“There is a picture of Candido Camero in 1933, he’s 92 years old now and still playing like a kid, with a conga, a hi-hat and a pedal with a cowbell. And then came Walfredo de los Reyes Sr. the first one to integrate the congas and the drum kit. He played the congas with one hand and the drums with the other.”
Few in modern Cuban music advanced these ideas further than Enrique Plá, drummer for the fabled Afro-Cuban jazz-rock group Irakere.
“Enrique was my biggest influence,” Hernández says. “My father was very good friends with him, with all the musicians of Irakere actually, and I practically grew up backstage with Irakere. I was there since I was 3 years old. And I wanted to be Enrique Plá. When I saw him I knew that what I wanted to do. I never took any lessons with him, but I took every lesson I could by watching and listening.”
Hernández put those lessons to good use, catching the ear of many in the jazz world with Rubalcaba’s Proyecto, a high-energy fusion group. In 1990, while on a tour of Italy, Hernández asked for asylum. Denied a U.S. visa, he remained in Italy for three years. The day after finally arriving in the States, he flew to Miami to record the 40 Years of Cuban Jam Session with Paquito D’Rivera.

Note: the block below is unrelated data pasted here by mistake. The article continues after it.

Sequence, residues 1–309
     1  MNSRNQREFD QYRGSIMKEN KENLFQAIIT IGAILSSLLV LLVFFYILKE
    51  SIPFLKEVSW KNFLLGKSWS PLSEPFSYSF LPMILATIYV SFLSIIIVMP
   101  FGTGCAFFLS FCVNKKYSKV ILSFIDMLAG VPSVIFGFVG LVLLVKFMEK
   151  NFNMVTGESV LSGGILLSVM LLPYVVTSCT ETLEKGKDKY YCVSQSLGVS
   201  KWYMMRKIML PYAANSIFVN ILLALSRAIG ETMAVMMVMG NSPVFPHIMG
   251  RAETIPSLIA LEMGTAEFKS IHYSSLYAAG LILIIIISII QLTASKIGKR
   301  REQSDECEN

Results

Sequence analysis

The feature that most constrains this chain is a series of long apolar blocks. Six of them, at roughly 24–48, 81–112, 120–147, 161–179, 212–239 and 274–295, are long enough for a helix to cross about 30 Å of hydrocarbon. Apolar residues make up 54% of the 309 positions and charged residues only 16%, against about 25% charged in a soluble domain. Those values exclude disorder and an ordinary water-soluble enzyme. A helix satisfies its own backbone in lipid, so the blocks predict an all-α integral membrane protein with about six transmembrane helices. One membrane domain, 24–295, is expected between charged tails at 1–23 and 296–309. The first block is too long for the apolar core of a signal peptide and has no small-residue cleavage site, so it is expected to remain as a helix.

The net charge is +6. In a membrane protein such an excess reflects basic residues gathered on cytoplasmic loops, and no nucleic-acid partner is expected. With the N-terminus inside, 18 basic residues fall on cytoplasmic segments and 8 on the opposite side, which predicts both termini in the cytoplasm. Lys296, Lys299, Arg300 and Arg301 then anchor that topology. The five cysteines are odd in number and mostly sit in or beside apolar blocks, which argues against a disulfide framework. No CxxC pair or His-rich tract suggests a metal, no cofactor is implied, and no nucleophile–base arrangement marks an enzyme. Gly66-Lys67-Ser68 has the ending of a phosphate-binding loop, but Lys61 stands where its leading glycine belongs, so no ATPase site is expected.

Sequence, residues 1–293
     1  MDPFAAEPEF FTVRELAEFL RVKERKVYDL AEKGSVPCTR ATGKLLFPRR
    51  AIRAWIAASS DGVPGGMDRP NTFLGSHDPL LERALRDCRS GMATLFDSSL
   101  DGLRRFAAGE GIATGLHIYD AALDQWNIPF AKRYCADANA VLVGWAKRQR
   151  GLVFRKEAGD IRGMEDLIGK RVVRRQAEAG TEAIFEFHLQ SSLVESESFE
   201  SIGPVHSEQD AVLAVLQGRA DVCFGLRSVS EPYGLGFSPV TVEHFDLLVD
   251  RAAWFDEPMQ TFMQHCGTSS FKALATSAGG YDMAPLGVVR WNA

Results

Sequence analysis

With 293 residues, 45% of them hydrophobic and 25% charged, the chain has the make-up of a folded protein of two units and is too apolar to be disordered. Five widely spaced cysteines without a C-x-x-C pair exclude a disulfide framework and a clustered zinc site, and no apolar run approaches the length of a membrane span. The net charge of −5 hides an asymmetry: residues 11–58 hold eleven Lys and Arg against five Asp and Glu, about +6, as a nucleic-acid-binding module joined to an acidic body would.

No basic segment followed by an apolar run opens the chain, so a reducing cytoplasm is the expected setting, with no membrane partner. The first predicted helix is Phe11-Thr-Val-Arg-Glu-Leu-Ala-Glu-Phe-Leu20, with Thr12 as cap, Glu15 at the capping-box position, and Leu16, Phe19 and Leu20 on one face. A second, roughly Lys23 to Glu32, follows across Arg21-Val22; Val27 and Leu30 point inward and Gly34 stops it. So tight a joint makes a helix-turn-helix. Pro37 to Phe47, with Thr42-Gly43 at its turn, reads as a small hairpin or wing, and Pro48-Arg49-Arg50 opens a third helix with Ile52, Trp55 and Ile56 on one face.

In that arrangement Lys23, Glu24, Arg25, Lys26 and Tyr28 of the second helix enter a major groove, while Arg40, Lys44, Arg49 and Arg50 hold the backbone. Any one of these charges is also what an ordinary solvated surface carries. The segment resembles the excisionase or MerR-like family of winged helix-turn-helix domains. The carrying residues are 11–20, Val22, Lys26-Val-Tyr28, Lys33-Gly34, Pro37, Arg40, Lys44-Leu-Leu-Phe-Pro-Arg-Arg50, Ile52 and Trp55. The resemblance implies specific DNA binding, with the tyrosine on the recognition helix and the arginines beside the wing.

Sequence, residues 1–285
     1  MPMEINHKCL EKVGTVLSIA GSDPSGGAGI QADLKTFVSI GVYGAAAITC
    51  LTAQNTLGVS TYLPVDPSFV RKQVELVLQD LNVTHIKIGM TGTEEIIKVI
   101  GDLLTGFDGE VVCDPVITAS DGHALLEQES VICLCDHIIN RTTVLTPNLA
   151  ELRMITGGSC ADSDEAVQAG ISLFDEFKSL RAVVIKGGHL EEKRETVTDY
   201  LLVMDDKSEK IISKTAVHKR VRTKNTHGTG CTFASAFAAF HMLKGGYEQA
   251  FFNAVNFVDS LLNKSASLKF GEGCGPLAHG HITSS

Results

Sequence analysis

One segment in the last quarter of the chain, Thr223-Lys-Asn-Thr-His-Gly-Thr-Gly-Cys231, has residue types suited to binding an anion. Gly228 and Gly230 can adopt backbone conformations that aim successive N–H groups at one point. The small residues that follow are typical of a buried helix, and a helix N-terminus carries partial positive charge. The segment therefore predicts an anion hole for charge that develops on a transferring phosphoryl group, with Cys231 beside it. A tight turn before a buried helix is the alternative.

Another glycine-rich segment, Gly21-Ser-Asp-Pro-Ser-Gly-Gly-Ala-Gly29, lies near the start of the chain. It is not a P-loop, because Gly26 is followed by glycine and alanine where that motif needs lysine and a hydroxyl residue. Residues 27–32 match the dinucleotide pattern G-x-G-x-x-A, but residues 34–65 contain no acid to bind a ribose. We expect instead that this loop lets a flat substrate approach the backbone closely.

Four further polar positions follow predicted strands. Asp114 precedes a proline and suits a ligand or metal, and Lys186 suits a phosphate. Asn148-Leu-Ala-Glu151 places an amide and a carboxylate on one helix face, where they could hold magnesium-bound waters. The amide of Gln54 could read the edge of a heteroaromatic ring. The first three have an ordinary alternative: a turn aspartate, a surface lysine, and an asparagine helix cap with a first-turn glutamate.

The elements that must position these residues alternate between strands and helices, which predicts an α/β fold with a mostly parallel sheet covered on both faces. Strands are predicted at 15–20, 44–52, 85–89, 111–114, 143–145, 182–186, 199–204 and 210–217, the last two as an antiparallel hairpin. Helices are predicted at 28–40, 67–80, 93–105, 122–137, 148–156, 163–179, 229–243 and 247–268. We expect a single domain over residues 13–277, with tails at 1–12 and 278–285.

Italuba was born of a chance encounter on a return trip to Italy a few years later. He was expecting to do drumming workshops, but once there, he found announcements of a concert with his band — “except I didn’t have a band. I never ever had been a band leader.”
After a “disastrous” night jamming with local musicians, Hernández accepted an invitation to play in Turin. There, he met bassist Daniel Martinez, a fellow Cuban exile. “He’s almost 10 years younger than me and knew about me from my instructional videos,” Hernández says. “We talked, I told him about the problem of the commitments for a band that didn’t exist and he said he knew a great piano player and a trumpet player. He called them, we got together the next day and it was love at first sight.”
The group — with Amik Guerra on trumpet, Ivan Bridon on piano and Martinez on bass — went on to record two strong albums of Afro-Cuban jazz rock fusion. At the time they met, all but Hernández lived in Turin. These days only Martinez remains in Italy.
“The past two years we have all been very busy doing other projects. But we play every year in Europe,” Hernández says. “So this is going to be the rebirth of Italuba — in the United States, for the very first time.”